Africa’s overall banking market is the second-fastest-growing of any global region, says a McKinsey & Company report.
While the global banking industry is facing sluggish growth, Africa’s banking sector provides a refreshing contrast, thanks to factors such as a digital-first approach, simpler, leaner banking models and compelling price offers.
This is according to a new report on the African retail banking sector titled: ” Roaring to life: Growth and innovation in African retail banking ,” released by McKinsey & Company’s global Banking practice.
The survey of 2 500 banking customers in six African countries, including SA, found that 40% of respondents preferred using digital channels, while 25% of customers choose price as the most important factors in choosing banks. Equally important is convenience, also cited by 25% of customers. Service is the third most important factor, selected by 12% of customers.
According to the study, nearly 300 million Africans are banked today, a number that is likely to rise to 450 million in five years. The continent’s overall banking market is the second-fastest-growing and second most profitable of any global region, and a hotbed of innovation, it adds.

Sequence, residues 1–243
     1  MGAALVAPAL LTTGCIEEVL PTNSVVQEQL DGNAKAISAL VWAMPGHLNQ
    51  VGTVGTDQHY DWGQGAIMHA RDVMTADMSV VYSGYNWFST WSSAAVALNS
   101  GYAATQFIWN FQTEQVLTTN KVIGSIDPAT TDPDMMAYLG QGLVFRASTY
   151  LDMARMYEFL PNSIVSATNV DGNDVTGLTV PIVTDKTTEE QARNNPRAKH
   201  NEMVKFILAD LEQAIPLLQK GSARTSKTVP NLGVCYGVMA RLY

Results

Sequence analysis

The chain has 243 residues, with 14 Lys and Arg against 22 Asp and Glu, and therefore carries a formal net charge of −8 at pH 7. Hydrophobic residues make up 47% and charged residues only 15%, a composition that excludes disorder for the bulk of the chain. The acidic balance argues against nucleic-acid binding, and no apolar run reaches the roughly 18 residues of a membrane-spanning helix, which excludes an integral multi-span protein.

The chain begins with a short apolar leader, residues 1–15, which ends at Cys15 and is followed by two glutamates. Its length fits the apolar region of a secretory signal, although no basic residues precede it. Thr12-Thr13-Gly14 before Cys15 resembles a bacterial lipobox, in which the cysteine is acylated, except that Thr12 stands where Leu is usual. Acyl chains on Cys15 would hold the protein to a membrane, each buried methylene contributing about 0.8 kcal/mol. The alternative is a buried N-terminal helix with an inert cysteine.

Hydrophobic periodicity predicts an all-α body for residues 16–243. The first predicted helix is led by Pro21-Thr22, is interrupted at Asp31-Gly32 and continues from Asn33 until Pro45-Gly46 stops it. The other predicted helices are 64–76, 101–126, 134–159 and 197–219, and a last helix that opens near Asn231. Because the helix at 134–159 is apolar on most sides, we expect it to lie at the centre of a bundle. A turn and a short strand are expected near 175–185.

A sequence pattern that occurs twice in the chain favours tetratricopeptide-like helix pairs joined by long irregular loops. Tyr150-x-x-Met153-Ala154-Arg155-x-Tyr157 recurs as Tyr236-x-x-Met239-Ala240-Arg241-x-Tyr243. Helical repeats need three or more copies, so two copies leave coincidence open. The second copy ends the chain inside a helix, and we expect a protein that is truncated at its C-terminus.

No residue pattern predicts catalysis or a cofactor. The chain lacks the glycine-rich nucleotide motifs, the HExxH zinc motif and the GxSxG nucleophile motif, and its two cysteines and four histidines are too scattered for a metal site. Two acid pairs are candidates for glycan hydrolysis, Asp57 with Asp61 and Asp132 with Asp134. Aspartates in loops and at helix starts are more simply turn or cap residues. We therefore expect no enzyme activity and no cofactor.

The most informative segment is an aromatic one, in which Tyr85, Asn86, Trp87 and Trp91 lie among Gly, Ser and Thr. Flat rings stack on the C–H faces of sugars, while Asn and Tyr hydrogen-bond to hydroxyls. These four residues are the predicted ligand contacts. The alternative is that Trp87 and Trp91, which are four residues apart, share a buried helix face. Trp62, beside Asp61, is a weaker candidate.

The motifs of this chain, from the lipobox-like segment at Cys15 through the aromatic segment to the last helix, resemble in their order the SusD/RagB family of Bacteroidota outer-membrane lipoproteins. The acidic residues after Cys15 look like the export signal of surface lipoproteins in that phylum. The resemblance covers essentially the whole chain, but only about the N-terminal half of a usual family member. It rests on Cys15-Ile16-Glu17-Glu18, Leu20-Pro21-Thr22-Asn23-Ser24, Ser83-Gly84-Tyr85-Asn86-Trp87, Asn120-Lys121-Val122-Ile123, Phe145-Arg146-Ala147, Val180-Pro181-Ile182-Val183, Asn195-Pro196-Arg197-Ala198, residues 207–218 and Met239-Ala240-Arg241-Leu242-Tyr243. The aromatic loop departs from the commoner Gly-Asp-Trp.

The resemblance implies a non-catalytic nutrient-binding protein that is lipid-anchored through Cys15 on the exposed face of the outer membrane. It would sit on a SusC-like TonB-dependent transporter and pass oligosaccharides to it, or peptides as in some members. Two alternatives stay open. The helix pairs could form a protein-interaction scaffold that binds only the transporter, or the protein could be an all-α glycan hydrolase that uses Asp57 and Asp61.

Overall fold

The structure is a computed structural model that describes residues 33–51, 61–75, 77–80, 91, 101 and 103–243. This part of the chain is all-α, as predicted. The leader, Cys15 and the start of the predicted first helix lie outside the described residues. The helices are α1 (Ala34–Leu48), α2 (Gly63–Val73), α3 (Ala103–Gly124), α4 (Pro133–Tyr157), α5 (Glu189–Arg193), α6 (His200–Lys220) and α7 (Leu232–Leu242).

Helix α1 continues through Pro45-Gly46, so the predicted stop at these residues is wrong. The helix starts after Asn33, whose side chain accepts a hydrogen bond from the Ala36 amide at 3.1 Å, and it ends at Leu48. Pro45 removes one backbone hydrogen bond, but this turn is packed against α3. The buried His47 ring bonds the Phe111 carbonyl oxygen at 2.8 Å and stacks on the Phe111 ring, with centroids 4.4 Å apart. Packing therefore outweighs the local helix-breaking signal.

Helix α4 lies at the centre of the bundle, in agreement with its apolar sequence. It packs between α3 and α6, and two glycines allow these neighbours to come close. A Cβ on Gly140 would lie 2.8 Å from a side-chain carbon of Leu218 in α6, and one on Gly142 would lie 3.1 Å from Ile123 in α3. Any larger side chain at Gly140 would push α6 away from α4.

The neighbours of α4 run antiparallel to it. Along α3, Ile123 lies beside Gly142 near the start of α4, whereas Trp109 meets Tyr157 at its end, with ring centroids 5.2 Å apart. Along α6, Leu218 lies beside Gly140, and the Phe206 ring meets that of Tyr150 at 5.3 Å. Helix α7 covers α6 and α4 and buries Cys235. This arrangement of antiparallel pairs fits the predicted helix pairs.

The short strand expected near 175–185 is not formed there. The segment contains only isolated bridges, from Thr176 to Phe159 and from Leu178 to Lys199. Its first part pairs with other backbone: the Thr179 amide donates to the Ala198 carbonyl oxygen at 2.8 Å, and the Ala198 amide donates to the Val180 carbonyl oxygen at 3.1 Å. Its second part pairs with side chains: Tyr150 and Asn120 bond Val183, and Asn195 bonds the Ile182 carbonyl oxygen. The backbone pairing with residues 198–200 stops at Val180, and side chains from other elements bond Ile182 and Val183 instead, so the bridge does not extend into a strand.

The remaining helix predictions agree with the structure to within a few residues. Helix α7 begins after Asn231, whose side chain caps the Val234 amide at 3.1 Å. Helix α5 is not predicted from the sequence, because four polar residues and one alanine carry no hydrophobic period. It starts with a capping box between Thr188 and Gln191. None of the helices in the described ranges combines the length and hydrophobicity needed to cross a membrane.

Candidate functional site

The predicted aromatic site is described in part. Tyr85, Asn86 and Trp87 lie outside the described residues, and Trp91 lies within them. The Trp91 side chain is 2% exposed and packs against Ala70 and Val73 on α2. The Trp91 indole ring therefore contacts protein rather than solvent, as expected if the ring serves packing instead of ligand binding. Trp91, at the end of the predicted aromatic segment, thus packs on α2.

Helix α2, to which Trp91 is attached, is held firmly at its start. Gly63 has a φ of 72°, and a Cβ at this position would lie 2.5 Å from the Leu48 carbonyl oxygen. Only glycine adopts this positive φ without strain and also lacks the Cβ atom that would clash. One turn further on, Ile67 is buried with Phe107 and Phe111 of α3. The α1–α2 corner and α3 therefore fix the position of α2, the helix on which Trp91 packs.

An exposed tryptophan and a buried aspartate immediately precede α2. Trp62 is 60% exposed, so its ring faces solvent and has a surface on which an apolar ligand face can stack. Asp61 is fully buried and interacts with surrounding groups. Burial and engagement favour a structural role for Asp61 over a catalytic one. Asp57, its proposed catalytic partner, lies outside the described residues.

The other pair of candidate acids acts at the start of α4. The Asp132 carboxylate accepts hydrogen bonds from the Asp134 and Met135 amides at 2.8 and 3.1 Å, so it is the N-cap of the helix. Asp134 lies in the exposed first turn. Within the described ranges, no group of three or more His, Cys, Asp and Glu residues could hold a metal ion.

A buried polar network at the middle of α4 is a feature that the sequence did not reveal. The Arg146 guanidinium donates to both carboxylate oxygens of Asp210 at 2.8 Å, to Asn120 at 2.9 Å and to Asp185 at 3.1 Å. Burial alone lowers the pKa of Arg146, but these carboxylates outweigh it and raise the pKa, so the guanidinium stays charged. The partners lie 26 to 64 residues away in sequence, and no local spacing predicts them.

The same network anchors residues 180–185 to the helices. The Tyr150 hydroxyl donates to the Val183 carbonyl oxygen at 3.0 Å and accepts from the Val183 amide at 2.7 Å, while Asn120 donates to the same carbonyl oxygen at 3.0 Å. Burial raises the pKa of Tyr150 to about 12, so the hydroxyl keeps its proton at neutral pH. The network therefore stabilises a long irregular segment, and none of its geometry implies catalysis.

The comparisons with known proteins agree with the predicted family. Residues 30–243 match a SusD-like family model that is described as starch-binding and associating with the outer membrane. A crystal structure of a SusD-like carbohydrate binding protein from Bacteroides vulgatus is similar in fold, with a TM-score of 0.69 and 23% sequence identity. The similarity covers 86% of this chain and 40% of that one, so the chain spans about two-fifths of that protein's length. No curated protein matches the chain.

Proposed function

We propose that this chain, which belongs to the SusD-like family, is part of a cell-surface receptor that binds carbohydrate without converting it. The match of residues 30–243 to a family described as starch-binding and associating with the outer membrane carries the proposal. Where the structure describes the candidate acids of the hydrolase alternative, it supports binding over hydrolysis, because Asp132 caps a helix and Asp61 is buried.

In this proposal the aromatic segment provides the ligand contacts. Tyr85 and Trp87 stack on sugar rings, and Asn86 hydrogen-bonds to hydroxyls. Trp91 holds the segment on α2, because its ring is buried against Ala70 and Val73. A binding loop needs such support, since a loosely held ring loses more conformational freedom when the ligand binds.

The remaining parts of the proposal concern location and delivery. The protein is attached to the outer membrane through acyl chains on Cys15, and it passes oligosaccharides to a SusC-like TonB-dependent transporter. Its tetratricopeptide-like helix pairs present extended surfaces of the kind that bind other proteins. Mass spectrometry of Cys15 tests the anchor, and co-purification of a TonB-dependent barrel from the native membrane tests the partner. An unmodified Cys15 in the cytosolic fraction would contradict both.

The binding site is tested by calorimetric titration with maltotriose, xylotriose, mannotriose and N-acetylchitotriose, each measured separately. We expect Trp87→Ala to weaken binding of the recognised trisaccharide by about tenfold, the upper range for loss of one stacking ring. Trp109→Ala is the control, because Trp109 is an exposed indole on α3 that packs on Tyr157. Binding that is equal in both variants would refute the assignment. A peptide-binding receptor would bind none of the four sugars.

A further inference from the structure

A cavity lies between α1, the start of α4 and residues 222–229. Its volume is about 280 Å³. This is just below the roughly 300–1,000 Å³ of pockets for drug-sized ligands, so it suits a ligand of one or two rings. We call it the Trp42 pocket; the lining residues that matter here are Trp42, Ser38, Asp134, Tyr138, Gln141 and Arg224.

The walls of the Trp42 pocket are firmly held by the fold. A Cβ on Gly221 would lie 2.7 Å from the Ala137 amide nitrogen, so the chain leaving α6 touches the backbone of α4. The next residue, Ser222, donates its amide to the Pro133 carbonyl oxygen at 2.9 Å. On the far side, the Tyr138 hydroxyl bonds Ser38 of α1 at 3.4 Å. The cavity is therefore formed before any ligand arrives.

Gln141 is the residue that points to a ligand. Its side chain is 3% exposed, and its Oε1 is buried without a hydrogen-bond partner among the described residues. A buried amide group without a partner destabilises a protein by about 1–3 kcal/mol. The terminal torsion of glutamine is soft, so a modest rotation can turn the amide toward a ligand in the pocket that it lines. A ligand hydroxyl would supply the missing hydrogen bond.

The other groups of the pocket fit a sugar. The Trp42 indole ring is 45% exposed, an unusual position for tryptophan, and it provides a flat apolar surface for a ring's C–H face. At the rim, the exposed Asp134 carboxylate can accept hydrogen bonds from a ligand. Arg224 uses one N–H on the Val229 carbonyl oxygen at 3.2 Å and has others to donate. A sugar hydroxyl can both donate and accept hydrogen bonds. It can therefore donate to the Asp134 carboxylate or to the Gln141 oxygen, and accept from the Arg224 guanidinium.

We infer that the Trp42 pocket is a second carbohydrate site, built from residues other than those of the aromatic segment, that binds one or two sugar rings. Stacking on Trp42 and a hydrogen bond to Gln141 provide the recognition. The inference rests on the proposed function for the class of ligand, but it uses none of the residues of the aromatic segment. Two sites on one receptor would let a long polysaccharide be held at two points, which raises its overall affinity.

McKinsey found that Africa’s top quintile banks – the so-called “winners” in SA, Egypt, Kenya, Ghana and Cote D’Ivoire – are simultaneously four times more profitable and grow more than twice as fast than the bottom quintile banks. The key findings are that these “winners” are defined by employing one or more of five winning practices, which include a digital-first approach; innovation on risk; drawing on the middle segments: simpler, leaner banking models and profitability based on geographic footprint.
“Around 40% of the African banking customers in SA, Nigeria, Kenya, Angola said they preferred to use digital channels for transactions. In four of the continent’s major banking markets, the share of customers who prefer digital channels is significantly higher than the share preferring the branch channel. Banks can adopt one of four distinct digital strategies: The first is to digitally transform their existing operations, to increase their share of digital sales and transactions to beyond 60 to 70% on each measure, as Kenya-based Equity Bank has done.